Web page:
What is business culture? According to James Watt of BrewDog in his recent book Business for Punks, ‘it is something that your company does when no one is watching.’ In many businesses sales is the least well observed function - it is often the case that no one is watching as your sales team interacts with your most important asset, your customer.

The current period of sustained social, economic and technological disruption is driving continual evolution of business models. This context is most striking in the sales profession where changes in customer behaviours, increasing product and service complexity, the impact of the digital economy, globalization and the changing channels to market are all changing the expectations and the role of sales.

Facing increasing complexity and risk many businesses have placed ever more rigorous compliance and controls around sales teams with the objective of ensuring the desired behaviours are displayed. Although this approach has been widely adopted it has also failed in many cases to achieve the desired results as evidenced by the many high-profile cases of mis-selling, both by individuals and across entire organisations.

It is against this backdrop that a small but increasing number of companies are changing their approach and investing in creating an ethical sales culture to create the environment for the right sales behaviours to be consistently demonstrated - even when no-one is watching.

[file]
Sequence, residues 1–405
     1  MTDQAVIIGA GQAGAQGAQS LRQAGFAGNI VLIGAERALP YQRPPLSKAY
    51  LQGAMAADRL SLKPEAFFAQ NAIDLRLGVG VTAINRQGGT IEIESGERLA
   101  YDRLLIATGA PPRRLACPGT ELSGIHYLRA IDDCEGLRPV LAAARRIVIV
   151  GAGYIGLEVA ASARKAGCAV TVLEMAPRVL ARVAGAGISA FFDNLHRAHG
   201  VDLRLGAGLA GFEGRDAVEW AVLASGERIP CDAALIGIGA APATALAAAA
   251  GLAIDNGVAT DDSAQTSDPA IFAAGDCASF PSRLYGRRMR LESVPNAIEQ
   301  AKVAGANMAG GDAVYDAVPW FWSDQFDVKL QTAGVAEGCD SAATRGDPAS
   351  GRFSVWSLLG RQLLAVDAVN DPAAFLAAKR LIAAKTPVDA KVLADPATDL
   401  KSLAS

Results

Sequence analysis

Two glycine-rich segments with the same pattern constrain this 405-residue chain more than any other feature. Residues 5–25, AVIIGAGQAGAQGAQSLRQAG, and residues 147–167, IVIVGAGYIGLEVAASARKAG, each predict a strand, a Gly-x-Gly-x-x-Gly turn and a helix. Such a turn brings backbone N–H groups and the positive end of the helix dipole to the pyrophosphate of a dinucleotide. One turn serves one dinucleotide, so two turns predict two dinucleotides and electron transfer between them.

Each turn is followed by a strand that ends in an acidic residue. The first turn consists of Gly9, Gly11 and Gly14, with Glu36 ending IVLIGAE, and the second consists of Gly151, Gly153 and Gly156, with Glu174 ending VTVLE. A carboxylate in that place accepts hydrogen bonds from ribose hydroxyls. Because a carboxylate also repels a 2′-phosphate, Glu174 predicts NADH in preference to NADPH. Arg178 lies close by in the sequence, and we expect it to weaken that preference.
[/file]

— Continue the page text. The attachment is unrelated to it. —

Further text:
In 2015 APS and EY developed the business case for ethical sales behaviour and found that organisations that purposefully exhibit and operate with integrity and make ethical business decisions continue to be performance leaders. These organisations have:

  • Better reputations
  • Better employee commitment to ethical practice
  • Systematic approaches to ensuring ethical business decisions

With many of today’s successful businesses having much of their valuation based on their intangible assets such as brand equity, they are increasingly vulnerable to anything that may damage the perception of their stakeholders.

Many business leaders and sales professionals may recognise that ensuring ethical sales behaviours is the right thing to do – and now there is increasing evidence that by making the investment in creating an ethical sales culture, businesses will improve the quality of relationships with their customer, improve sales performance and support sustainability in the changing business environment.

Nick Porter is Chair and Director, Association of Professional Sales and VP Commercial for a global pharmaceutical logistics company.